My latest release from Dreamspinner Press, The Taste of Ink, is a contemporary western M/M/M romance that takes place in Calgary during the Stampede. Trevor Dunn, the MC, has lived in Calgary his entire life, but he doesn’t want to hang around cowboys, horses, or anything like that–until Charlie comes along and makes it his active mission to persuade and seduce Trevor to all the fun things the western genre has to offer. Trevor’s other love interest is Mathieu, his former high school boyfriend who used to be a punk singer but is now a country crooner. Over the ten-day event of the Stampede, Charlie and Mathieu become two large influences in Trevor’s life, tempting him to leave his home and possibly ride out into the sunset like he’s always dreams of doing.
I had a lot of fun writing Mathieu’s character. I like writing about musicians or music fans in general (if you stumble across my back-list, this will be evidently clear). But Mathieu was particular because I wanted him to genre-hop and learn to appreciate something he wasn’t accustomed to before, since that eventually mirrors Trevor’s journey through his experiences with Charlie. For Mathieu, his identity as an indigenous person and growing up on a reserve in Alberta with his father, became another way in which his character stood out to me. Mathieu is Métis, which is a specific class of indigenous people to Canada. They’re of mixed race; the early Métis people often had Cree, Ojibwe, or Algonquin mothers and French fathers from the fur trade. It’s a very rich culture, but also very distinct from much of what we typically associate with indigenous identity in North America. As I learned from my editor’s confusion over certain terms as well, Canada expresses its history with First Nations people in a completely different way. Some of this is small–we have reserves not reservations, Métis is a separate category of identity and not just a descriptor for someone of mixed race–but other differences are large. Canada has a reputation for being the friendly and nice country, but our relationship to First Nations doesn’t have the best history or track record. In Alberta (where this story takes place), some prisons have an indigenous population that keeps increasing (by at least fifty percent) when the indigenous population is only 4%. There is also the wide-spread epidemic of missing and murdered indigenous women that is finally receiving attention from our new prime minister.
Not to be a downer, but I think these issues are important to note to understand the context and historical backdrop that these characters exist in. The Taste of Ink doesn’t really go into the difficulty of indigenous or Métis life because that’s not the purpose of the book–the purpose is to have fun, and while there’s some bonding moments between Charlie and Mathieu about crappy childhoods, that’s all there is in terms of explicit reference to these issues. Some of my other stories, though, like The Life & Death of Eli & Jay, which takes place mostly on a Blackfoot reserve in Saskatchewan, does deal with these realities in a little starker detail. The Life & Death of Eli & Jay isn’t a downer of a story, either; more of a way to explain and understand the ways in which some of these characters deal with the conflicting views of history and this ever-present image of what it means to be “Native” in Canada.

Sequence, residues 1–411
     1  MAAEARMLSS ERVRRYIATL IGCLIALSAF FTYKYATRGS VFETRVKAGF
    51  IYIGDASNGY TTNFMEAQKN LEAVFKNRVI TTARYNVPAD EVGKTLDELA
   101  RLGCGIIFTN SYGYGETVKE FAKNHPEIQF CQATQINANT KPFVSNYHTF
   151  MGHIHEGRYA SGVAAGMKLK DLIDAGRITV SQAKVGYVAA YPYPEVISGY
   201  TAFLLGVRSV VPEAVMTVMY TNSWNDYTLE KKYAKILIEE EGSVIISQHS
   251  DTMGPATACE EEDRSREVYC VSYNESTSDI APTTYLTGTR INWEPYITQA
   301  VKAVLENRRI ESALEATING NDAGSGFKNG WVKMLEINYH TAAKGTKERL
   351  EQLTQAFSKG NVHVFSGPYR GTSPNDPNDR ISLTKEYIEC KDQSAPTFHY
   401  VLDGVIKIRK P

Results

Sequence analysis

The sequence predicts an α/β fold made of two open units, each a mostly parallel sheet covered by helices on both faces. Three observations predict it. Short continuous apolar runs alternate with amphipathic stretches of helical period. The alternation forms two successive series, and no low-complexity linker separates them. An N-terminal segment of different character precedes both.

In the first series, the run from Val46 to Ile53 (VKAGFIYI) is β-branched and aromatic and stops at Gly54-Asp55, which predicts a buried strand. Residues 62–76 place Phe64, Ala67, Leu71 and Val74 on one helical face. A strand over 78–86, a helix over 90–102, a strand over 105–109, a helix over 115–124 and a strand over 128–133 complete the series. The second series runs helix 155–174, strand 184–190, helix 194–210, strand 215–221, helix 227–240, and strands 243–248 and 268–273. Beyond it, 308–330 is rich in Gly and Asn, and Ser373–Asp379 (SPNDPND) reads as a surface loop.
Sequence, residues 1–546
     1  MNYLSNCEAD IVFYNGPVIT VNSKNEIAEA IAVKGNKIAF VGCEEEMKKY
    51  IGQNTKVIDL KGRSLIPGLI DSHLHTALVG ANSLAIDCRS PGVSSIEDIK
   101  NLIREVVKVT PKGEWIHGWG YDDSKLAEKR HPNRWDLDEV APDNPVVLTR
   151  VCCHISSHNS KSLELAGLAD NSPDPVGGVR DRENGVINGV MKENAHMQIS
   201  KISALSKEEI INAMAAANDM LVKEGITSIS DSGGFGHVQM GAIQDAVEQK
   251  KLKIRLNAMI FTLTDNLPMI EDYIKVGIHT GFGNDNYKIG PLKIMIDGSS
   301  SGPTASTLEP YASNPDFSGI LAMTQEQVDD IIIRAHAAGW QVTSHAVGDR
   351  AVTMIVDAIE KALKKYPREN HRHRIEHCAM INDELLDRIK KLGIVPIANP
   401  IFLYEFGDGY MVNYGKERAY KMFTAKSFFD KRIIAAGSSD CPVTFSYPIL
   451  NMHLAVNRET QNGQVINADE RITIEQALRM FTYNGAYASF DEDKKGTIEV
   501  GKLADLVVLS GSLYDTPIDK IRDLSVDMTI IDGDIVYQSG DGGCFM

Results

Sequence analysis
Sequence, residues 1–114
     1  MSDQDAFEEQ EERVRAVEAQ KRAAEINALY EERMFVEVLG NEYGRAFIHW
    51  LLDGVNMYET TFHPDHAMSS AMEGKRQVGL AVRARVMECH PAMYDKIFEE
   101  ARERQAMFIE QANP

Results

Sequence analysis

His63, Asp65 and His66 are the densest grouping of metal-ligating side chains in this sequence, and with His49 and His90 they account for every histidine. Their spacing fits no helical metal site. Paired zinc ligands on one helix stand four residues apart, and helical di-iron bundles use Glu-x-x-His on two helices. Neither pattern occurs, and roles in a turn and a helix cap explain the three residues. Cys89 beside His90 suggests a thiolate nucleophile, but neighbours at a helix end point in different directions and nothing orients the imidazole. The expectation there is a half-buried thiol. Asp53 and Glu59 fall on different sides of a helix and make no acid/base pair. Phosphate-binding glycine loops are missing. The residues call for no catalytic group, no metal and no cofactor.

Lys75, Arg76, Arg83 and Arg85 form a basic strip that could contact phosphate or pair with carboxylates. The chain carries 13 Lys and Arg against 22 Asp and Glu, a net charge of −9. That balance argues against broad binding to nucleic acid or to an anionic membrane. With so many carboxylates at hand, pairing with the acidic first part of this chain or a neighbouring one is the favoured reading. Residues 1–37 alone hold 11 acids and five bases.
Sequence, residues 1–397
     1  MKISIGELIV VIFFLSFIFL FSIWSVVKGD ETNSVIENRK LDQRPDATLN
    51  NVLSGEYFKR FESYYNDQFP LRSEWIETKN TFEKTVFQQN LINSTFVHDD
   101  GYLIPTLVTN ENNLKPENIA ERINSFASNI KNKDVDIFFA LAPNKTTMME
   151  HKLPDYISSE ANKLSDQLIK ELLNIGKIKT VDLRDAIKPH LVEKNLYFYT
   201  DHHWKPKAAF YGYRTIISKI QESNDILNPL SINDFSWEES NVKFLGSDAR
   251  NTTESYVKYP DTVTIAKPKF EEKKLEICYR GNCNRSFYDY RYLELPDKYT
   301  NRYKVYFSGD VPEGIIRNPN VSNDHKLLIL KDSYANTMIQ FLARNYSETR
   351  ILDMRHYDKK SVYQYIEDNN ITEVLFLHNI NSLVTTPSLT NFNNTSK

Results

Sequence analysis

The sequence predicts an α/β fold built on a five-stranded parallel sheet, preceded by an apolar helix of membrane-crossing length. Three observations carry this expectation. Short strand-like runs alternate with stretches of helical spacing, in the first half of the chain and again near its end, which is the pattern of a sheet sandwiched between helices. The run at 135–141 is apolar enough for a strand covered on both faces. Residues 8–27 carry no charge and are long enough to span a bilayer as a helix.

There’s this wonderful scene in the movie Smoke Signals where Adam Beach (as Victor) and Evan Adams (as Thomas) are in a bus and talking about how to be a real “Indian.” They’re Spokane, and this is a little outdated now, but I love this scene because it perfectly captures these conflicting images–but they deal with it humorously.
Mathieu, like Thomas and Victor, also uses a lot of humor to diffuse the situation. And it’s that humor that I hope allows him to be relatable while also as “authentic” as I could make him without actually being indigenous myself. If you ever have a chance to watch Smoke Signals–do so. It’s a wonderful film, very funny, and very touching. And if you check out The Taste of Ink or Life and Death of Eli and Jay, then I thank you in advance.
Blurb: Trevor Dunn has never gone to the Calgary Stampede, in spite of living in the city all his life. He would much rather listen to music and draw comics in his basement than hang out with a bunch of cowboys. When his sister drags him to the Stampede’s opening parade anyway, Trevor is drawn to a cowboy sporting a green hat.
Charlie opens Trevor’s mind to the world of country music and country boys. But then an old flame appears in the middle of the festival and Trevor is torn. He adores Charlie, but Mathieu—a punk singer turned acoustic crooner—was Trevor’s first love, but Trevor lost him by being too afraid to chase the dreams they shared.
Except after the Stampede ends, Charlie will go back to Toronto, Mathieu will go back on tour, and Trevor will go back to his basement. Realizing that’s not what he wants, Trevor enters a mechanical bull-riding contest in hopes of winning the heart of his true love—or maybe both of them. This time, fear won’t stop him from going after what he wants.
Author Bio: Francis Gideon is a writer of m/m romance, but he also dabbles in mystery, fantasy, historical, and paranormal fiction. He has appeared in Gay Flash Fiction, Chelsea Station Poetry, and the Martinus Press anthology To Hell With Dante. He lives in Canada with his partner, reads too many comics books, and drinks too much coffee. Feel free to contact him, especially if you want to talk about horror movies, LGBT poetry, or NBC’s Hannibal. Find him at francisgideon.wordpress.com.